A new study analyzes the tricks of the trade that may contribute to impulse buying.
Researchers studied 200 of the top major online retailers and asked consumers what tools would be helpful to curb impulse buying.
They found that retail websites contained an average of 19 features that can encourage impulse buying, including discounts and sales, product ratings, and interactive displays that allow users to, for example, zoom or spin product photography.
Five websites topped the chart—Macys.com, OpticsPlanet.com, Amazon.com, Newegg.com, and Target.com—and the team identified more than 30 features on each of the sites that could contribute to impulse buying.
Traps for shoppers
“Many consumers are familiar with marketing tactics that might push them to buy in a store but what’s interesting online is that e-retailers have so much data about their consumers that they can display real-time information, like the number of people who have already purchased something, the exact number of products left in stock, or the number of customers who also have that product in their shopping cart right now,” says Carol Moser, the study’s lead author and a doctoral student at the School of Information at the University of Michigan.
“Some of this information can be helpful for consumers but it can also encourage impulsive purchasing of products that in the end might not be worth it to the consumer or in some cases, might even be regretted.”
“One of the challenges consumers face when they go online is that they don’t know what is true or not.”
The researchers selected which sites to study from an industry report of the top internet retailers in the United States by online revenue. Of these 200 retail websites, 192 contained what the researchers call “social influence” features, which recommended products based on what “other people” bought.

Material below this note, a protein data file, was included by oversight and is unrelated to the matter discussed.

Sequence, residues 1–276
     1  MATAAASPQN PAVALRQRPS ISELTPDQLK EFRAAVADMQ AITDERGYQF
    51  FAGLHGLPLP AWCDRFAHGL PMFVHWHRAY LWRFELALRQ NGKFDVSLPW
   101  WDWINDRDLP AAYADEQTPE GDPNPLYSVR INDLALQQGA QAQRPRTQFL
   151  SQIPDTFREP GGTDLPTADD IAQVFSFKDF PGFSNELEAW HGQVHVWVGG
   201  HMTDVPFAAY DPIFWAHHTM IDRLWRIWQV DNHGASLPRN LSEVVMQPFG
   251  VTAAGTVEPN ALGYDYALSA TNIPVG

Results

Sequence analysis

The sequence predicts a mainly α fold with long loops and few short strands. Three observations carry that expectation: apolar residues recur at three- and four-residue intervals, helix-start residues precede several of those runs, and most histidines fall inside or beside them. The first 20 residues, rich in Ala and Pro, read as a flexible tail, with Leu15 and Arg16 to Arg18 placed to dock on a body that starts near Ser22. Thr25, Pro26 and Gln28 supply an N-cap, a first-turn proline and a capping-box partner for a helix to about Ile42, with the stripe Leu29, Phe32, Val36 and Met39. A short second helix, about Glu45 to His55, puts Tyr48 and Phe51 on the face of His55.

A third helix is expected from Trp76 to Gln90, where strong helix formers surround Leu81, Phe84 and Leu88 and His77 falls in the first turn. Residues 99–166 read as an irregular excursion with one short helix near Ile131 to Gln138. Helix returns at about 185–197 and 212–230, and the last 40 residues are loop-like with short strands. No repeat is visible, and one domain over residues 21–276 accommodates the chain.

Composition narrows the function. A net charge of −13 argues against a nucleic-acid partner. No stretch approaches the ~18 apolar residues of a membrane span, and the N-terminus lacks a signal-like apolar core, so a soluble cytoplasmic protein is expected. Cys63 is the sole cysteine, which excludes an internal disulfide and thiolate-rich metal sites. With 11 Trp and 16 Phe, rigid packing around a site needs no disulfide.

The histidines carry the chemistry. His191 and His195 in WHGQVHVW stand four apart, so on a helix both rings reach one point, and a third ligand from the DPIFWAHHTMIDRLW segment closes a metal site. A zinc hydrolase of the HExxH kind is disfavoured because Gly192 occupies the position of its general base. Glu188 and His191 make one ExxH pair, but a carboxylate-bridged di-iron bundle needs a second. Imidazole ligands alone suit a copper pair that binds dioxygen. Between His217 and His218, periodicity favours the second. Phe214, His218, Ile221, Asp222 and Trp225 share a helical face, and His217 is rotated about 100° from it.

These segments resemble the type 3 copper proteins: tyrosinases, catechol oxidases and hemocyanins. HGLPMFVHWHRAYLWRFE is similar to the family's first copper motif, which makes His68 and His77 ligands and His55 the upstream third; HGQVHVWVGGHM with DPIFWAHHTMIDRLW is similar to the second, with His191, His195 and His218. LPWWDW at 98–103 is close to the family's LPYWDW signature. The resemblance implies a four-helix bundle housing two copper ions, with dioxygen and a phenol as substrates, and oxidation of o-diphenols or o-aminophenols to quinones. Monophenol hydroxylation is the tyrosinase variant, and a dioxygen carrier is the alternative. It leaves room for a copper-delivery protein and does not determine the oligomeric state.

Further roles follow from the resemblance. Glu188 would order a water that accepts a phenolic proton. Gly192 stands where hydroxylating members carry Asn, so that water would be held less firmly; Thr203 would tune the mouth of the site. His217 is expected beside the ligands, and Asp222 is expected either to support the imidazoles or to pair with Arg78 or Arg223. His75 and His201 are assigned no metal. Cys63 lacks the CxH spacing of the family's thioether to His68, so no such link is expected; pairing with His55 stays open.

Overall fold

Other strategies included increasing the buyer’s sense of urgency (69 percent of the websites) using features like limited-time discounts with countdown clocks. Some websites (67 percent) also made the product seem scarce with low stock warnings or “exclusive” product offerings.
“One of the challenges consumers face when they go online is that they don’t know what is true or not,” says coauthor Sarita Schoenebeck, associate professor at the School of Information.
“If a website says there is one room left for the chosen dates or that a pair of shoes is a popular item and 12 other people are looking at it, people have no way of knowing if it is true. People do not want to miss out on good deals and may be encouraged to buy items that they aren’t sure if they want out of fear that the item will not be available later.”
What shoppers want
In the second part of the study, the researchers surveyed consumers about their impulse-buying behaviors. Researchers recruited online shoppers who frequently made unplanned purchases. The survey asked about items they had purchased impulsively in the past, and about successful and unsuccessful strategies they used to try to resist making impulsive purchases.
The team found that the most common items people purchased impulsively were clothing, household items, children’s items, beauty products, electronics, and shoes.
Participants suggested a variety of ways to do less impulsive purchasing. For example, they proposed that if shown what the amount they were spending was equivalent to, such as “eight Chipotle burritos” or “three hours of work,” that might help them to curb their impulse buying.
Participants also wanted tools that encouraged them to reflect on the items they were purchasing by prompting questions like “Do I really need this?” and “What would I use this for?”
The most unpopular approaches, however, suggested that they did not want to be embarrassed, shamed, or controlled about their purchasing. Most participants did not want tools that required approval from someone else or that made them post their purchase to social media.
The team highlights concerns about website designs that prioritize business goals over the welfare of people. These practices might trick people into doing things that are not in their best interest, a practice known as “dark patterns.”
The researchers point out that interventions to support consumers are hard to do without the cooperation of the retailers, and suggest that greater transparency, ethical practices, and even regulation might be needed.
The researchers presented the study at the ACM CHI Conference on Human Factors in Computing Systems in Glasgow, Scotland. The National Science Foundation funded parts of the research.
Source: University of Michigan (Originally published April 26, 2019)